Cooking the Books: George Osborne, Paul Mason and Marx
Speaking in the House of Commons on 1 March George Osborne called the journalist and broadcaster Paul Mason a ‘revolutionary Marxist’. To which Mason indignantly replied:
‘As to Mr Osborne’s claim that I am ‘revolutionary Marxist’ it is completely inaccurate. I am a radical social democrat who favours the creation of a peer-to-peer sector (co-ops, open source, etc) alongside the market and the state, as part of a long transition to a post-capitalist economy. There’s a comprehensive critique of Bolshevism in my latest book, Postcapitalism: A Guide to Our Future.’
Mason wasn’t always a critic of Bolshevism. For many years he was a member of Workers Power, the Trotskyist group that calls for a ‘Fifth International’ (not that that made him a revolutionary Marxist either, just an insurrectionary Leninist). This may have been what Osborne had in mind. If so, this would be unfair since Mason left Workers Power years ago. In fact during a time when Mason was a Trotskyist Osborne was a member of the notorious Bullingdon Club. What is that they say about people in glass houses . . ?
More likely is that, in Osborne’s eyes, anybody who criticises capitalism, as Mason has done, is automatically some sort of a Marxist. But, as Mason made clear in his reply, he is not a revolutionary, but wants only to gradually reform capitalism into something else, as the Labour and European Social Democratic parties used to.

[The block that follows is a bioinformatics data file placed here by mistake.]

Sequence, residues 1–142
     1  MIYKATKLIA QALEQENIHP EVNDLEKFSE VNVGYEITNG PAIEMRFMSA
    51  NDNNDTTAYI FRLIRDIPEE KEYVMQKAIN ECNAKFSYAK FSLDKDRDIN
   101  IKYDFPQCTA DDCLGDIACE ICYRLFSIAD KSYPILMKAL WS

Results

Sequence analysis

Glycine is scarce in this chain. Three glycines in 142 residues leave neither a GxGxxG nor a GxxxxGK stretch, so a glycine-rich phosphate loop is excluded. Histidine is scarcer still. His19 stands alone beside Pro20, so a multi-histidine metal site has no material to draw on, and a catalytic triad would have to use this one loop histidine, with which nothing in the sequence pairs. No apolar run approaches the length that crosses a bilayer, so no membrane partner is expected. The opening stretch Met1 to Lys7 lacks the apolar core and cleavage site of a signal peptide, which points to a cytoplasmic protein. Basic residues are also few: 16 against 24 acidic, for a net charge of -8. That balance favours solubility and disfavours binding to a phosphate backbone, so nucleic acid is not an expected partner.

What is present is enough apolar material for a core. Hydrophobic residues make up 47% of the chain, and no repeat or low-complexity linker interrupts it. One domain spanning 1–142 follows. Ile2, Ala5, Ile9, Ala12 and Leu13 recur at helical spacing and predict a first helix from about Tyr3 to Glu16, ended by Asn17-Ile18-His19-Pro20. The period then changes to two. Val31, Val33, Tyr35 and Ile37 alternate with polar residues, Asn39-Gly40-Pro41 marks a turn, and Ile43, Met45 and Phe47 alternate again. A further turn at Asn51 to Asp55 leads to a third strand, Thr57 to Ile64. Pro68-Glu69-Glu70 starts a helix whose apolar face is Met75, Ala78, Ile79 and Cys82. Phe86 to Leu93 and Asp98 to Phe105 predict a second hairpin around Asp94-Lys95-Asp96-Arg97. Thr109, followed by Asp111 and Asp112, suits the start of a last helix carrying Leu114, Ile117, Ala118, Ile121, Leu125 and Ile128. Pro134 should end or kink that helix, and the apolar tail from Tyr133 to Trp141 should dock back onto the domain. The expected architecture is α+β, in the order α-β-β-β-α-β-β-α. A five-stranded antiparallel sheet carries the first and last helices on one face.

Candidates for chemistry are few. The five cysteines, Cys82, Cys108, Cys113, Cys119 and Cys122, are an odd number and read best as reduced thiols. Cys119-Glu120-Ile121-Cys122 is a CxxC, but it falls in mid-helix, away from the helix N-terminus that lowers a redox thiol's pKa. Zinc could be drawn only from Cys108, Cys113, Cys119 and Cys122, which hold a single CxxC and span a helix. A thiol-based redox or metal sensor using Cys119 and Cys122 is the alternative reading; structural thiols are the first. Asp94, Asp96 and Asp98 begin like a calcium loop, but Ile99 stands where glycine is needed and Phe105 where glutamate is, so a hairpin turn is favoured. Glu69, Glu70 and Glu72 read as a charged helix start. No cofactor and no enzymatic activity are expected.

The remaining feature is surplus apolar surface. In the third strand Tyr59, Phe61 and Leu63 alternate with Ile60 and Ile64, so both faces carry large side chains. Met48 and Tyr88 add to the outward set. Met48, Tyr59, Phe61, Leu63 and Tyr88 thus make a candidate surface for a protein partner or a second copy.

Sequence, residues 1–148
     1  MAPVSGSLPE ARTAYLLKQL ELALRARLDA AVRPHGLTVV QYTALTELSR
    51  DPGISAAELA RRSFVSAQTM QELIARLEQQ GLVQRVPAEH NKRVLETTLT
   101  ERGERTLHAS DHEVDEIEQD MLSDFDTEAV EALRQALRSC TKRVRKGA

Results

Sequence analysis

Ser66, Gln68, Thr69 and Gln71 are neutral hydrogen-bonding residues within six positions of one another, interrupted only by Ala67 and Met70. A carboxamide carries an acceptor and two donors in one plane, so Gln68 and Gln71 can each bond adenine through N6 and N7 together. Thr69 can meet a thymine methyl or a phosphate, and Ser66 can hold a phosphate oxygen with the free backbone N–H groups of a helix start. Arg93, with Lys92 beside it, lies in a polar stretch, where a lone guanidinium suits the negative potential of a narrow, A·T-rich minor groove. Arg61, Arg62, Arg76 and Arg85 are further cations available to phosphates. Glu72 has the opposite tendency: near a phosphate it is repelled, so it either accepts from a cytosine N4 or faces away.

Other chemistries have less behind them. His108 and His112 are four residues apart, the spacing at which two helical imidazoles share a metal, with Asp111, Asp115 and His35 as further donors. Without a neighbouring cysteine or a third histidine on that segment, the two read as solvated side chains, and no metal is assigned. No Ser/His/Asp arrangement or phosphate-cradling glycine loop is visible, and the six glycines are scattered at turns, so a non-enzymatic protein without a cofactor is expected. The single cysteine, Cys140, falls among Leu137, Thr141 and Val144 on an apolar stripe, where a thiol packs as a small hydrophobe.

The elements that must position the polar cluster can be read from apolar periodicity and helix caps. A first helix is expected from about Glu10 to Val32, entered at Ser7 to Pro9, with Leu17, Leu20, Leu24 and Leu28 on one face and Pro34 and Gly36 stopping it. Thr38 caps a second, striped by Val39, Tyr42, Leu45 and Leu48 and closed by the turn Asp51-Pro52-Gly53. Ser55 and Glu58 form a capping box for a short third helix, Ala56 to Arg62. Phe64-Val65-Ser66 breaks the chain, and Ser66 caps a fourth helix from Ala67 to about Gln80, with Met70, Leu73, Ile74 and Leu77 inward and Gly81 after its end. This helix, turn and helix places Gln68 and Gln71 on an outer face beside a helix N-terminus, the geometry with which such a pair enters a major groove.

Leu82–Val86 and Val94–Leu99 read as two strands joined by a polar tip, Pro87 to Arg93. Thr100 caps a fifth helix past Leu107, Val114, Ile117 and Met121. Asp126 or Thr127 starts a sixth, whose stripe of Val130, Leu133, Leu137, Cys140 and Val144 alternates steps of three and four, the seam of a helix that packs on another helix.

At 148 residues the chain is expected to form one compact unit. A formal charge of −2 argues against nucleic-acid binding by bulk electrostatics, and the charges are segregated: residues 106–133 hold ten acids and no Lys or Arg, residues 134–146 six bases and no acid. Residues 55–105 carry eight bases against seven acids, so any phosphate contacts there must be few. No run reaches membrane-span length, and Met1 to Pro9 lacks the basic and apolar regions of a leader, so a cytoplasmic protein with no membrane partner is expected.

Marx was a critic of capitalism but he had no illusions about it being possible either to make it work in the interest of the non-owning, producing majority or to gradually reform it into something else. He advocated the winning of political power to use this to uproot capitalism and bring in what he variously described as ‘a co-operative society based on the common ownership of the means of production’, or ‘co-operation and the possession in common of the land and the means of production produced by labour itself’, ‘a community of free individuals, carrying on their work with the means of production in common’. In short, the use of political power to carry out such a revolution in the basis of society.
In this sense ‘revolutionary Marxist’ is a tautology, but Osborne will have added ‘revolutionary’ to suggest that Mason favoured violent insurrection as he would know that this is what many people understand by the word. William Morris had already dealt with this as long ago as 1884 when he wrote that ‘the word Revolution, which we Socialists are so often forced to use … does not necessarily mean a change accompanied by riot and all kinds of violence’ and that ‘we use the word revolution in its etymological sense, and mean by it a change in the basis of society’.
Marx did not analyse capitalism with a view to coming up with policies for governments to adopt. He had no advice to give on this as his analysis showed that there was no policy governments could pursue that would make capitalism operate for the benefit of the non-owning majority. That is why he advocated the working class take political action to revolutionise the basis of society.